Drought, drug prohibition,
and simmering lawlessness in the northeastern Indian state of Jharkhand
are combining in an all too familiar pattern as hard-pressed farmers team
up with guerrilla fighters in what looks to be a burgeoning opium trade.
According to reports from the Indo-Asian News Service, local officials
in Jharkand are complaining that farmers are growing opium and selling
it to Maoist guerrillas who smuggle it across the northern border into
Nepal and Bhutan. The farmers make enough to put food on the table,
and the guerrillas make enough to help finance their long-running insurgency.
"There are reports that the
opium is grown by the farmers with the help of Maoist guerrillas.
The farmer grows the opium inside wheat fields so that the police cannot
trace it," Chatra district Police Superintendent Shashinath Jha told IANS.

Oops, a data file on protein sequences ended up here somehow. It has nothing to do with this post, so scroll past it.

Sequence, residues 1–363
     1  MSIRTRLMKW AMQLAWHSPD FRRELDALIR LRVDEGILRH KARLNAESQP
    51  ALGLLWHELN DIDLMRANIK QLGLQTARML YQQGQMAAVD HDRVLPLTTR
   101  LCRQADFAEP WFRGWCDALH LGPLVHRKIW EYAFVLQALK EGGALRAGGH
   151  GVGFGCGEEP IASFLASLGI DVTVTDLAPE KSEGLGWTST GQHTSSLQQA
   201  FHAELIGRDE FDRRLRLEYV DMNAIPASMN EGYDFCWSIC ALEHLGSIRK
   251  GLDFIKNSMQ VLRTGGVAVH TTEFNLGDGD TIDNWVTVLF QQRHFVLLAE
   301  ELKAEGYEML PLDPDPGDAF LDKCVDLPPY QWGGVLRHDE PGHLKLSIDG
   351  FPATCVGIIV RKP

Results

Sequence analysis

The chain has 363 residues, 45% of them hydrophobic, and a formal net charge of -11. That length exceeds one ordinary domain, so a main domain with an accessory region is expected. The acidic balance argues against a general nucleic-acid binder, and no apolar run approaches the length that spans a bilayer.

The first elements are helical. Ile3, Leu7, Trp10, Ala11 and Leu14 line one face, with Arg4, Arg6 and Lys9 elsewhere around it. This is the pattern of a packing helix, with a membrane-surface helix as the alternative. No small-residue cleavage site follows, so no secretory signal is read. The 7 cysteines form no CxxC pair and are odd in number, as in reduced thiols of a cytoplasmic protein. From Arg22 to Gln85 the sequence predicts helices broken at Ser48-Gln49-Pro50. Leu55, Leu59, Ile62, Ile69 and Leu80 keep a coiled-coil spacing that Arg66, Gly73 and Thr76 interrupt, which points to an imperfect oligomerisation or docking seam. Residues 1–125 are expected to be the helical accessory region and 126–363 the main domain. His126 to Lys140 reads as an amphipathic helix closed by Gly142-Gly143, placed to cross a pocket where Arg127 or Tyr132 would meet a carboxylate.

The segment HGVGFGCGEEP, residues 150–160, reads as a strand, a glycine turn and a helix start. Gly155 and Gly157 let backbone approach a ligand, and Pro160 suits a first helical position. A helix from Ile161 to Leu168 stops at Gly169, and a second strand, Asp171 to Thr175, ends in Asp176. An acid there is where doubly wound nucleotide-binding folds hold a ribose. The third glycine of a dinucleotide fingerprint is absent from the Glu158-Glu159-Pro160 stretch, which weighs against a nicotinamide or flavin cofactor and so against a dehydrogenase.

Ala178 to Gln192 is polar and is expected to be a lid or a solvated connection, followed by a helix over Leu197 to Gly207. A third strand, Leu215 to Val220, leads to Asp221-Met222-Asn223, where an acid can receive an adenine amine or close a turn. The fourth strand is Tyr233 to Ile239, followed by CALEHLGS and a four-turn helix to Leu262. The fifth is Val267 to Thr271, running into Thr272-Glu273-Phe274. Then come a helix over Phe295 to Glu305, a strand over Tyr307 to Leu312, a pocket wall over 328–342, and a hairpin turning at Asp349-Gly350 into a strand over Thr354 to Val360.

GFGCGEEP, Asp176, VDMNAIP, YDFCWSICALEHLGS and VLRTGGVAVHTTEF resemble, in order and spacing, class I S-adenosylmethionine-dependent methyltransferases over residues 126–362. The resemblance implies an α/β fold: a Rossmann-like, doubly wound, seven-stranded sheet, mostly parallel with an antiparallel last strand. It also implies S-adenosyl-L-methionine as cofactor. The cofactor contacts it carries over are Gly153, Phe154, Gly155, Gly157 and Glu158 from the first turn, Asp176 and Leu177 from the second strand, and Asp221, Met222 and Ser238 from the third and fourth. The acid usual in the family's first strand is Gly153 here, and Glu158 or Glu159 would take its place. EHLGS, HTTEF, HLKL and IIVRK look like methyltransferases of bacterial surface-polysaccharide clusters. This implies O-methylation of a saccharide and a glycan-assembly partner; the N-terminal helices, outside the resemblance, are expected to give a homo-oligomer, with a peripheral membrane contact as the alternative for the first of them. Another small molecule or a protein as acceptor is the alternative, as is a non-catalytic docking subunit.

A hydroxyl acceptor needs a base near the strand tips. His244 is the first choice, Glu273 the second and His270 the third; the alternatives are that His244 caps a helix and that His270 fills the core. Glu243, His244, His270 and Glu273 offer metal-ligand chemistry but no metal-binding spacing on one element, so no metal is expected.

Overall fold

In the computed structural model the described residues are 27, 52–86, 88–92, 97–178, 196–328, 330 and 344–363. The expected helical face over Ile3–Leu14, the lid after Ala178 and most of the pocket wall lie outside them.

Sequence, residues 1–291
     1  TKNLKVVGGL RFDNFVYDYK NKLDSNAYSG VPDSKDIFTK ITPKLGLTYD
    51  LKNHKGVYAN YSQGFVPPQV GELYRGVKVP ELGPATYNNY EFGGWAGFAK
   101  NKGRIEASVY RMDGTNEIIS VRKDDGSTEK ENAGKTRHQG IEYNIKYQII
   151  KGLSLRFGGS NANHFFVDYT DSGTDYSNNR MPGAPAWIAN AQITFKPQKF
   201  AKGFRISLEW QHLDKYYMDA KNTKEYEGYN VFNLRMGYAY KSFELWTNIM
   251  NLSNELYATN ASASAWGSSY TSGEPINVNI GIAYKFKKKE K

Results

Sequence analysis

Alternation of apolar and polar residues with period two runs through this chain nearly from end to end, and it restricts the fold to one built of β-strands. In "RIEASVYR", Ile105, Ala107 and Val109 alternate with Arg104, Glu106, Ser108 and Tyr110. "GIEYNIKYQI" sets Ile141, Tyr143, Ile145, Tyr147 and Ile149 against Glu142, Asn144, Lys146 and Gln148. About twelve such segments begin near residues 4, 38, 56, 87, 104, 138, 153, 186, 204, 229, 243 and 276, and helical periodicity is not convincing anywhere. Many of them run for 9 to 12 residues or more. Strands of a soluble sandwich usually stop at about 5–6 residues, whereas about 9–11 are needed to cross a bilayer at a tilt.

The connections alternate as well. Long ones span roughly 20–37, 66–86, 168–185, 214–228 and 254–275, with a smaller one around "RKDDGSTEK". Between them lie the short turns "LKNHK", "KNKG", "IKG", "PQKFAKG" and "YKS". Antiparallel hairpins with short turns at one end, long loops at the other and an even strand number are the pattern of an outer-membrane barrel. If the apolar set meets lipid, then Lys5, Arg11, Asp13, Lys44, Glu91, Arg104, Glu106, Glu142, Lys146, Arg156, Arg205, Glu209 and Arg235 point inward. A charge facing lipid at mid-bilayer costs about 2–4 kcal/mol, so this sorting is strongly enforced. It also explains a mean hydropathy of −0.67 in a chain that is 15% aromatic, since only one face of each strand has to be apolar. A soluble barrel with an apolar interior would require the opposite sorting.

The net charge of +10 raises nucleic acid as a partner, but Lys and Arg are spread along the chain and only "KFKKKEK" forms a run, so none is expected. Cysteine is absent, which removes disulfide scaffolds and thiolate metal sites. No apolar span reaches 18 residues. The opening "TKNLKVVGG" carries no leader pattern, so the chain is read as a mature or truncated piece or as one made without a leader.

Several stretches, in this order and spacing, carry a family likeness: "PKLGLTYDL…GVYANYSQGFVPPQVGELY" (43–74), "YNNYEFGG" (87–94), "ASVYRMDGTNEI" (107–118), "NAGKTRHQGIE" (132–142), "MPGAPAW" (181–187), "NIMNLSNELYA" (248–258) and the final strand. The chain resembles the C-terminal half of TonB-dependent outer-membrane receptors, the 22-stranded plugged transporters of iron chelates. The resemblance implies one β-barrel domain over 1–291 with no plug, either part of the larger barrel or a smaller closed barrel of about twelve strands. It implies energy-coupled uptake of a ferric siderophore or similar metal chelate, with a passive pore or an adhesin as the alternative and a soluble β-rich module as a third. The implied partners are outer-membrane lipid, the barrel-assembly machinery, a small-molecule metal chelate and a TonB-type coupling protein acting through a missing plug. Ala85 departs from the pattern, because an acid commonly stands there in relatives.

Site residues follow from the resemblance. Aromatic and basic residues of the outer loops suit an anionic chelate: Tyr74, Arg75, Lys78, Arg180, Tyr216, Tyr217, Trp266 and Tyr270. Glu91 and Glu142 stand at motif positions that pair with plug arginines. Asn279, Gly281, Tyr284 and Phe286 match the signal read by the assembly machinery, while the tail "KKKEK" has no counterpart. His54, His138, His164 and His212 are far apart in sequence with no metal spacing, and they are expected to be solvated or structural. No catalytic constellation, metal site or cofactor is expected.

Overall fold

Police have identified opium growing in at least two of the state's 16
districts, but think there is much more being cultivated, said Jha.
"These areas are only the tip of the iceberg. There are possibilities
that opium is grown at large scale in other parts of the state. And
the real beneficiary is the Maoist guerrillas who profit from the drug
peddlers," he said. "Opium cultivation is changing the life of farmers
here as they are get hefty returns and it is helps Maoists to generate
revenue for seditious activities," he said.
|trader's opium, outside Jalalabad, Afghanistan,
photo by Drug War Chronicle editor Phil Smith
The Maoists are the Communist
Party of India-Maoist and their Peoples Liberation Guerrilla Army,
who seek a classic Mao-style protracted guerrilla war resulting in a communist
revolution. They operate in at least 13 Indian states, have contacts
with Maoist guerrillas in Nepal, and are seeking to create a "Compact Revolutionary
Zone" running from Bihar and Jharkhand states in the northeast through
the Dandakaranya forests of Central Indian and down to Andhra Pradesh in
"The Nepal border of Bihar
is transit point for the drug peddlers," said Jha. "The Maoists provide
a safe passage to drug peddlers. The opium grown in Jharkhand is
supplied to Bihar and then reaches Nepal to other destinations," he added.
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